Jarvis DA, Duncan SR, Segal IS, Maze M: Ventilatory effects of clonidine alone and in the presence of alfentanil, in human volunteers. Anesthesiology 1992; 76:899–905
Venn RM, Grounds RM: Comparison between dexmedetomidine and propofol for sedation in the intensive care unit: Patient and clinician perceptions. Br J Anaesth 2001; 87:684–90
Nelson LE, Lu J, Guo T, Saper CB, Franks NP, Maze M: The α2-adrenoceptor agonist dexmedetomidine converges on an endogenous sleep-promoting pathway to exert its sedative effects. Anesthesiology 2003; 98:428–36
Coull JT, Jones ME, Egan TD, Frith CD, Maze M: Attentional effects of noradrenaline vary with arousal level: selective activation of thalamic pulvinar in humans. Neuroimage 2004; 22:315–22
Everson CA, Toth LA: Systemic bacterial invasion induced by sleep deprivation. Am J Physiol Regul Integr Comp Physiol 2000; 27:R905–16
Aurell J, Elmqvist D: Sleep in the surgical intensive care unit: continuous polygraphic recording of sleep in nine patients receiving postoperative care. BMJ (Clin Res Ed) 1985; 290:1029–32
Cooper AB, Thornley KS, Young GB, Slutsky AS, Stewart TE, Hanly PJ: Sleep in critical ill patients requiring mechanical ventilation. Chest 2000; 117:809–18
Ely EW, Shintani A, Truman Speroff T, Gordon S, Harrell FE, Inouye S, Bernard G, Dittus R: Delirium as a predictor of mortality in mechanically ventilated patients in the intensive care unit. JAMA 2004; 291:1753–62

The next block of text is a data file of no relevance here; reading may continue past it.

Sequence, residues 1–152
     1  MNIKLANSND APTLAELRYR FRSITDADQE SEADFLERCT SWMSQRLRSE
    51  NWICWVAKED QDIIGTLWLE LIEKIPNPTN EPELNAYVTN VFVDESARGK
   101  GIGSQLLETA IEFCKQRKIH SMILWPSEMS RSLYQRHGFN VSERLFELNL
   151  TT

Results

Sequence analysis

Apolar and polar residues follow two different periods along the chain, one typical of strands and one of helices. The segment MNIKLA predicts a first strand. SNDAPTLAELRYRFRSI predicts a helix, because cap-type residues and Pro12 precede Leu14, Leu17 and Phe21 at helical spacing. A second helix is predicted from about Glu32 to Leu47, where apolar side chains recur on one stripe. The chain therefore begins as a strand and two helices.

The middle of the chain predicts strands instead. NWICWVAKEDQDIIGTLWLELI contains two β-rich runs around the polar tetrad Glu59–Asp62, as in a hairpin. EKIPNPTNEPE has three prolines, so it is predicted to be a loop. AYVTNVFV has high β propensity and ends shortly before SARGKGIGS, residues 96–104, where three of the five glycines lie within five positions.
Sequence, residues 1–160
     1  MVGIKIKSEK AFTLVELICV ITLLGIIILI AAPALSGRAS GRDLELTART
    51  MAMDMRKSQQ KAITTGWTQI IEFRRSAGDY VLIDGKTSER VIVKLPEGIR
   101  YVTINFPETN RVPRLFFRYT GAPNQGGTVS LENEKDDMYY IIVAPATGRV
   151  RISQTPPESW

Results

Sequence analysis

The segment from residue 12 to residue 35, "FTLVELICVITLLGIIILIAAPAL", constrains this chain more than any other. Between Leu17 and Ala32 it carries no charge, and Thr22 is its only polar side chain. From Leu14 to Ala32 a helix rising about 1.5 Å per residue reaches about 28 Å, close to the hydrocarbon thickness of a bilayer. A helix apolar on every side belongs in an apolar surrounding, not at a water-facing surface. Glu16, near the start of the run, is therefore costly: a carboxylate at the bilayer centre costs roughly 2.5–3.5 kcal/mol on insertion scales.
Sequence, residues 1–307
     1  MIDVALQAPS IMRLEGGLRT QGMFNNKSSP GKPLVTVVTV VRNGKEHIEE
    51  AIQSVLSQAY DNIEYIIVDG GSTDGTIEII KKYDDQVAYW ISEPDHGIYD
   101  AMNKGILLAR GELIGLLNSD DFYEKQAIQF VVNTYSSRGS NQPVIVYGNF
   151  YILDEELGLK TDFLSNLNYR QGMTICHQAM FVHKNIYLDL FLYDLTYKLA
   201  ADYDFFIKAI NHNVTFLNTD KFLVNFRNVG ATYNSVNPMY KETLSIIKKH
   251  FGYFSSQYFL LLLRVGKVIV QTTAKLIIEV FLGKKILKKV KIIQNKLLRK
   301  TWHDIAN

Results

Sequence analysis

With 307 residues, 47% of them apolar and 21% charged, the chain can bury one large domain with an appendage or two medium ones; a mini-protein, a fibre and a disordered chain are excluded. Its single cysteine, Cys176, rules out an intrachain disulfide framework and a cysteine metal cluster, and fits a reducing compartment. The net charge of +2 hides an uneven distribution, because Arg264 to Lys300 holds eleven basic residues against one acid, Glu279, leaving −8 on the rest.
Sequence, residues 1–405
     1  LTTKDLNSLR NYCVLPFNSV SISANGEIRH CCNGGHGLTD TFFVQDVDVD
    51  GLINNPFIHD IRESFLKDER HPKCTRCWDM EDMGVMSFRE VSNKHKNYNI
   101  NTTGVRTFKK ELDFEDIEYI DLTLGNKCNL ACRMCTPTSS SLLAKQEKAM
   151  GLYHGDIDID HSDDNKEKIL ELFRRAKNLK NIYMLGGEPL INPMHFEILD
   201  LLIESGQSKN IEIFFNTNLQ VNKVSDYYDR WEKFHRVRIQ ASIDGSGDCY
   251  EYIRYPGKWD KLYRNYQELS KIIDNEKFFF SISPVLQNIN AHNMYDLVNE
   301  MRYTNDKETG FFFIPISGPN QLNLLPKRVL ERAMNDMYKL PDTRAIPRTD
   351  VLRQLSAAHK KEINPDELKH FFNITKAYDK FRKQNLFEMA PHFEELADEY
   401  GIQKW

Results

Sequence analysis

Chiari A, Lorber C, Eisenach JC, Wildling E, Krenn C, Zavrsky A, Kainz C, Germann P, Klimscha W: Analgesic and hemodynamic effects of intrathecal clonidine as the sole analgesic agent during first stage of labor: A dose–response study. Anesthesiology 1999; 91:388–96
Aho MS, Erkola OA, Scheinin H, Lehtinen AM, Korttila KT: Effect of intravenously administered dexmedetomidine on pain after laparoscopic tubal ligation. Anesth. Analg 1991; 73:112–8
Ebert TJ, Hall JE, Barney JA, Uhrich TD, Colinco MD: The effects ofincreasing plasma concentrations of dexmedetomidine in humans. Anesthesiology 2000; 93:382–94
Hall JE, Uhrich TD, Barney JA, Arain SR, Ebert TJ: Sedative, amnestic, and analgesic properties of small-dose dexmedetomidine infusions. Anesth Analg 2000; 90:699–705
Angst MS, Ramaswamy B, Davies MF, Maze M: Comparative analgesic and mental effects of increasing plasma concentrations of dexmedetomidine and alfentanil in humans. Anesthesiology 2004; 101:744–52
Fairbanks CA, Stone LS, Kitto KF, Nguyen HO, Posthumus IJ, Wilcox GL: Alpha(2C)-adrenergic receptors mediate spinal analgesia and adrenergic-opioid synergy. J Pharmacol Exp Ther 2002; 300:282–90
Enggaard TP, Poulsen L, Arendt-Nielsen L, Hansen SH, Bjornsdottir I, Gram LF, Sindrup SH: The analgesic effect of codeine as compared to imipramine in different human experimental pain models. Pain 2001; 92:277–82
Price DD, McGrath PA, Rafii A, Buckingham B: The validation of visual analogue scales as ratio scale measures for chronic and experimental pain. Pain 1983; 17:45–56
Angst MS, Drover DR, Lotsch J, Ramaswamy B, Naidu S, Wada DR, Stanski DR: Pharmacodynamics of orally administered sustained-release hydromorphone in humans. Anesthesiology 2001; 94:63–73
Schweickert WD, Gehlbach BK, Pohlman AS, Hall JB, Kress JP: Daily interruption of sedative infusions and complications of critical illness in mechanically ventilated patients. Crit Care Med 2004; 32:1272–6